Three quarters of this planet’s surface is covered with water. Yet, human collectives have to work constantly to maintain a steady supply of fresh water. When one area is flooded, another region may be going through some serious drought. It is about distribution of resources, not about the sheer amount of them.
Data management is the same way. We are clearly living in the age of abundant data, but many decision-makers complain that there are not enough “useful” data or insights. Why is that?
Like any resource like water, data may be locked in wrong places or in inadequate forms. We hear about all kinds of doomsday scenarios related to the water supply in Africa, and it is because of uneven distribution of water thanks to drastic climate change and border disputes. Conversely, California is running out of its water sources, even as the state is sitting right next to a huge pond called the Pacific Ocean. Water, in that case, is in a wrong form for the end-users there.
Data must flow through organizations like water; and to be useful, they must be in consumable formats. I have been emphasizing the importance of the data refinement process throughout this series (refer to “Cheat Sheet: Is Your Database Marketing Ready?” and “It’s All about Ranking”). In the data business, too much emphasis has been put on data collection platforms and toolsets that enable user interface, but not enough on the middle part where data are aligned, cleaned and reformatted though analytics. Most of the trouble, unfortunately, happens due to inadequate data, not because of storage platforms and reporting tools.
This month, nonetheless, let’s talk about the distribution of data. It doesn’t matter how clean and organized the data sources are, if they are locked in silos. Ironically, that is how this term “360-degree customer view” became popular, as most datasets are indeed channel- or division-centric, not customer-centric.
It is not so difficult to get to that consensus in any meeting. Yeah sure, let’s put all the data together in one place. Then, if we just open the flood gates and lead all of the data to a central location, will all the data issues go away? Can we just call that new data pond a “marketing database”? (Refer to “Marketing and IT; Cats and Dogs.”)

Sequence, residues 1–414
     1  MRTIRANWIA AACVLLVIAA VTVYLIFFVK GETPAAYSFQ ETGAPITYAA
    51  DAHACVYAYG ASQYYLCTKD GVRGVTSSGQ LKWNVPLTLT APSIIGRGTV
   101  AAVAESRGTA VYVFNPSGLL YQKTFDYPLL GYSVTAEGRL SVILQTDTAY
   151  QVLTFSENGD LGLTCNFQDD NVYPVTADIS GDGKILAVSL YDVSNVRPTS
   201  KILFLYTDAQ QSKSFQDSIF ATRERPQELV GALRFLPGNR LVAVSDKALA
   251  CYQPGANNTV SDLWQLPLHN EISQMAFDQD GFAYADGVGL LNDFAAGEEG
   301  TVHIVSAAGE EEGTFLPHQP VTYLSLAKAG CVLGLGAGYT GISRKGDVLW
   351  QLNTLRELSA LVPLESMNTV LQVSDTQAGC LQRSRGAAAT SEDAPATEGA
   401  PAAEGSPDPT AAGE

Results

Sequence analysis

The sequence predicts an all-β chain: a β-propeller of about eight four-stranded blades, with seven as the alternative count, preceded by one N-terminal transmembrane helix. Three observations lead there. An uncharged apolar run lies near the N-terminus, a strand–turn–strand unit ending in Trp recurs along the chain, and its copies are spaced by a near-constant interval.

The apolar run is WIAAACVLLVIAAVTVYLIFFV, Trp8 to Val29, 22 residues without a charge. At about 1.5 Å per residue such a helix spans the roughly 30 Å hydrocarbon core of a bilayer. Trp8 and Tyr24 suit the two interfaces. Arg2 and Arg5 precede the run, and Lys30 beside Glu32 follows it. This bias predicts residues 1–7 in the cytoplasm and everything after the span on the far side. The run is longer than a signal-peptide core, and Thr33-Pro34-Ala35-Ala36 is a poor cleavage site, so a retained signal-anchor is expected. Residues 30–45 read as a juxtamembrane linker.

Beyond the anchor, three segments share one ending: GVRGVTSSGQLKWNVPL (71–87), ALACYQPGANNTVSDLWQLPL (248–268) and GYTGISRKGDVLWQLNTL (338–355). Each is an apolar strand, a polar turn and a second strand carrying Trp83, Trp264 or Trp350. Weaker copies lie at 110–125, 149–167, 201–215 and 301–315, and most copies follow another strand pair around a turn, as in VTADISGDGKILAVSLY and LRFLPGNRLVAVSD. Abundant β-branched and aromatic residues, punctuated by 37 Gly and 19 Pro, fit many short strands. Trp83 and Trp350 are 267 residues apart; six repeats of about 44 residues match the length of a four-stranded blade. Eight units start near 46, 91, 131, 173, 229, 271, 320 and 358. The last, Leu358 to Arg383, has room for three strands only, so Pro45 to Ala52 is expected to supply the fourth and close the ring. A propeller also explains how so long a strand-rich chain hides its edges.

The short answer is “No way, no sir.” I have seen too many instances where IT and marketing try to move the river of data and fail miserably, thanks to the sheer size of such construction work. Maybe they should have thought about reducing the amount of data before constructing a monumental canal of data? Like in life, moving time is the best time to throw things away.
IT managers instinctively try to avoid any infrastructure failure, along with countless questions that would rise out of dumping “all” of the data on top of marketers’ laps. And for the sake of the users who can’t really plow through every bit of data anyway, we’ve got to be smarter about moving the data around.
The first thing that data players must consider is the purpose of the data project. Depending on the goal, the list of “must-haves” changes drastically.
So, let’s make an example out of the aforementioned “360-degree customer view” (or “single customer view”). What is the purpose of building such a thing? It is to stay relevant with the target customers. How do we go about doing that? Just collect anything and everything about them? If we are to “predict” their future behavior, or to estimate their propensities in order to pamper them through every channel that we get to use, one may think that we have to know absolutely everything about the customers.